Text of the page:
The Technology and Construction Court has upheld economic tort claims against two directors of a limited liability company who placed the company into liquidation in order to avoid the company having to pay its outstanding debts to a building contractor. The building contractor succeeded in establishing that one of the directors had induced the company to repudiate the building contract, and also that they had conspired to injure the building contractor using unlawful means: Palmer Birch (a partnership) v Lloyd  EWHC 2316 (TCC).
The case highlights the risks for individuals who operate through the medium of an undercapitalised limited liability company, in particular that they may not be able to rely on the protection of the company’s distinct legal personality in circumstances where their conduct gives rise to claims under one of the economic torts.
Economic tort claims are not straightforward to establish, in light of the high evidential hurdles that must be met. However, this decision illustrates the potential for bringing an economic tort claim in a relatively novel context, in particular where there is an attempt to abuse the doctrine of separate corporate personality. It seems significant in this case that funds which could have been made available to the company to meet its obligations to the claimant were, instead, diverted to a separate company which was used to complete the works through a different contractor.
Gary Milner-Moore and Catherine Emanuel consider the decision further below.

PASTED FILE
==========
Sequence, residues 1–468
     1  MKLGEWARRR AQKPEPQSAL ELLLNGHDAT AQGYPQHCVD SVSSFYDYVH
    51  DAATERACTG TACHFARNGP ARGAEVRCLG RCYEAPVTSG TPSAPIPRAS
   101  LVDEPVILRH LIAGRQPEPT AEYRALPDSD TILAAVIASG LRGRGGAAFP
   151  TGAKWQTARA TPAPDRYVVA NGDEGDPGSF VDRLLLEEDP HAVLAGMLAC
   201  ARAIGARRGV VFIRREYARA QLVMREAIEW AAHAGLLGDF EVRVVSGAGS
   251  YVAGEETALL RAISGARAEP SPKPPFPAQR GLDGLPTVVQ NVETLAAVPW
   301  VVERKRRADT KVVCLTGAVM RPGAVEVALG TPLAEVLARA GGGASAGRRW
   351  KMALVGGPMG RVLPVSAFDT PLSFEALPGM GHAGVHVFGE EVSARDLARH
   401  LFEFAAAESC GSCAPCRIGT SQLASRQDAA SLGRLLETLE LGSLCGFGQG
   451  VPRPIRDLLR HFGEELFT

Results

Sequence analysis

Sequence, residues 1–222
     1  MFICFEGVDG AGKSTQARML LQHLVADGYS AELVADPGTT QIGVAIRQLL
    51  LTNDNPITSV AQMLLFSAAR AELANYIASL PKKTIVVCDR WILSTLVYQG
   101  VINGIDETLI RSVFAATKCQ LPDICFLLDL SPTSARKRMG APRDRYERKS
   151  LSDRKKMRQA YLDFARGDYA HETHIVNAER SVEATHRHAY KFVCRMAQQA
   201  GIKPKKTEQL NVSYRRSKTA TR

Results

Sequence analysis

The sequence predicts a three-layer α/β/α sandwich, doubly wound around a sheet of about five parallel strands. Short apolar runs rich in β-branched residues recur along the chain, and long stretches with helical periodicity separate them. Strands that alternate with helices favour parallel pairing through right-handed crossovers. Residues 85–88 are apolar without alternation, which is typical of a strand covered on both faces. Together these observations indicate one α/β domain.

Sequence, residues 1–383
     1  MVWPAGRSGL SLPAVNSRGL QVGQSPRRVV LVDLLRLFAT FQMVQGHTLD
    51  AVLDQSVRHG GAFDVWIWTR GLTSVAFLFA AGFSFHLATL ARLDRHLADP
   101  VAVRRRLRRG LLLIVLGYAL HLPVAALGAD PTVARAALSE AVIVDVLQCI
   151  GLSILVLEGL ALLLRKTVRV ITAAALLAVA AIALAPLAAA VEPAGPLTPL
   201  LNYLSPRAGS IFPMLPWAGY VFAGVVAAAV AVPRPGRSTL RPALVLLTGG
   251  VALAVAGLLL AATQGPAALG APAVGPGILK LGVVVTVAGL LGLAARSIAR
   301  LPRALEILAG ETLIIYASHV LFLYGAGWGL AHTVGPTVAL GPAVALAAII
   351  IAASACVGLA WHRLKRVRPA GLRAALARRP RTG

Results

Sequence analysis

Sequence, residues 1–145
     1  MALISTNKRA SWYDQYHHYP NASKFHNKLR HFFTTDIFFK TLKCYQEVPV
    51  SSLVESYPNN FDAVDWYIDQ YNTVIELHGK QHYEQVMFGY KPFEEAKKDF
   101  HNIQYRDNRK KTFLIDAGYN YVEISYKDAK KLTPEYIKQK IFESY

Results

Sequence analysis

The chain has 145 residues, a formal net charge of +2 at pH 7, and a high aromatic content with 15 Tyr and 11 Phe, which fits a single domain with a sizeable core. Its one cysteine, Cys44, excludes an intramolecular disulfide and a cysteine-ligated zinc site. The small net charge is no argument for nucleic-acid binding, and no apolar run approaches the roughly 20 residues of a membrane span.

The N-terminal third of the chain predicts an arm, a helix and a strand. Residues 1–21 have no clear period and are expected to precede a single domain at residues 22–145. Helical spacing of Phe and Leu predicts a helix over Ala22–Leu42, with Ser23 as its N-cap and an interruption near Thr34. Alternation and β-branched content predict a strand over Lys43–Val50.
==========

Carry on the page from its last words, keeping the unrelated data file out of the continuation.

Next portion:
In 2012 the claimant, a building contractor, entered into a contract with Hillerson House Limited (“HHL”) to carry out renovation works on a substantial property in Devon. The two defendants, D1 and D2, who were brothers, were the decision-makers behind HHL (D1 was an appointed director and sole shareholder whereas D2 was a de facto or shadow director). D2 had funded loans to HHL to fund the works, and the property was to be used as D2’s English home.
In December 2014, it became clear that D2 was experiencing cash flow issues. HHL failed to pay the claimant sums due under its December 2014 invoice and, by the end of January 2015, HHL owed the Claimant around £444,000.
In March 2015, D2 secured funding from another of his investments and would therefore have been able to pay the sums outstanding. However D2 did not use those funds to pay the claimant. He instead diverted them to a different company owned by D2, which was ultimately used to complete the works through a different contractor.
In April 2015, HHL gave notice to terminate the contract with immediate effect stating that there was no third party funding available and, in the event of a liquidation, no distribution would be made to the claimant. In June 2015, HHL was placed into voluntary liquidation. By that point, the claimant estimated that it was owed £1,082,000 by HHL.
The claimant brought proceedings against the defendants alleging that they had induced HHL to breach the contract and also that they had engaged in a conspiracy to injure the claimant by unlawful means.
There was no claim brought by the liquidator of HHL, for the benefit of creditors generally, in respect of the conduct of the defendants prior to the liquidation, nor was there any attempt to bring a claim against them for misfeasance.
Inducing breach of contract